The audit also criticized Denver County’s CCCAP administration, noting that in 2008 state auditors tested documentation on several “quality initiative [spending programs].” These quality initiatives are broadly designed to allow the county to execute a capital spending project to improve the quality and availability of child care in the state. The audit singled out a quality initiative project from Denver, noting, “Denver County could not provide supporting documentation for a transaction totaling about $2.8 million.” Based on this finding, the state auditor recommended that the Denver City and County auditor perform an audit on its own for the particular spending related to the “quality initiative.” No such audit has been undertaken.
The state’s Department of Human Services (DHS) says counties have charged day care providers with fraud 11 times since 2000. More than 2,500 day care provider payment “adjustments” have been successfully undertaken by the counties since 2000, resulting in just over $200,000 being returned to the government from the providers. Also, more than 3,300 payment “recoveries” have been established against individuals/families for what DHS calls “household errors.”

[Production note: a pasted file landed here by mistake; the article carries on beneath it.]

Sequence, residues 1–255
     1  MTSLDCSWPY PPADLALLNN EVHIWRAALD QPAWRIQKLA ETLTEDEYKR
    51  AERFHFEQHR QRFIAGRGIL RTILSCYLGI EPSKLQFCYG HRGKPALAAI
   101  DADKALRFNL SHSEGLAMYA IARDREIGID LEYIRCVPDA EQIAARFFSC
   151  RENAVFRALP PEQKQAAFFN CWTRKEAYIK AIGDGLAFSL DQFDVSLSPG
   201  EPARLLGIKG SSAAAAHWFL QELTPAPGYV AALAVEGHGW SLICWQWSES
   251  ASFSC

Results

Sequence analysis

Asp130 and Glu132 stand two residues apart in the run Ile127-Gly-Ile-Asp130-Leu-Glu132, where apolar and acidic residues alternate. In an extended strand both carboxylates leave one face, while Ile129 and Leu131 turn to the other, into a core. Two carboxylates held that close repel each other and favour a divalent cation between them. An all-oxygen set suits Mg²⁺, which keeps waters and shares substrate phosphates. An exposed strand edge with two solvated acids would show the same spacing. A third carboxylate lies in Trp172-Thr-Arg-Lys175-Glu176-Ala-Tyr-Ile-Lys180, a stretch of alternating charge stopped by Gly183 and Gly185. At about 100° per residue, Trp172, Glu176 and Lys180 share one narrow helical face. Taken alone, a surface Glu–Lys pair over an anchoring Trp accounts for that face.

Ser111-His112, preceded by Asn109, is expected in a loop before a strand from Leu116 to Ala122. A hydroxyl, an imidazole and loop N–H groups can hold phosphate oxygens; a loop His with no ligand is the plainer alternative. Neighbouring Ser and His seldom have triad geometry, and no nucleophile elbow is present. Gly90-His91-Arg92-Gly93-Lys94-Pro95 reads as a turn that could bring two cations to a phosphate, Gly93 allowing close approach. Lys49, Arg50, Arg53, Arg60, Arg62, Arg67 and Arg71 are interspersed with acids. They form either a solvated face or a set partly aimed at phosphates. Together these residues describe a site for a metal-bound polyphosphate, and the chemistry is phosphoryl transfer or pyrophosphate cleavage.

Liz McDonough, spokeswoman for DHS, said the department “is very cognizant of its responsibility to ensure that public funds are spent appropriately,” and added that “[n]one of the findings [of the state auditor] were a surprise, and in fact, State and county staff have been working hard over the last 6-7 years to improve controls in the system.” The Division of Child Care has also proposed a new rule set that would allow counties to disqualify clients and providers from the program for committing fraud, or for intentionally violating program rules. (Click here to read all the questions posed to DHS, and Ms. McDonough’s full responses).
In early 2009, the Milwaukee Journal Sentinel completed a four-month investigation into an almost-identical child care program in Wisconsin. With only “limited access to [individual] cases, the Journal-Sentinel was able to identify almost $750,000 in suspicious child-care disbursements.” The investigation launched a public outcry, forcing state investigators to look deeper at the “Wisconsin Shares” program. Eventually, state regulators identified $13.7 million in overpayments, some of which were payments for child care services that were never provided. One hundred thirty day-care providers lost much of their public funding, and roughly a dozen providers were linked to drug operations. One provider is now defending herself on charges she defrauded the program to the tune of $3 million, allowing her to purchase a lavish lifestyle including a Jaguar, and a home with an indoor swimming pool.
Update: Investigative reporter Kathy Hoekstra with the Mackinac Center for Public Policy forwarded this blistering audit of Michigan’s child care subsidy program in which auditors discovered roughly $200 million in improper or fraudulent payments.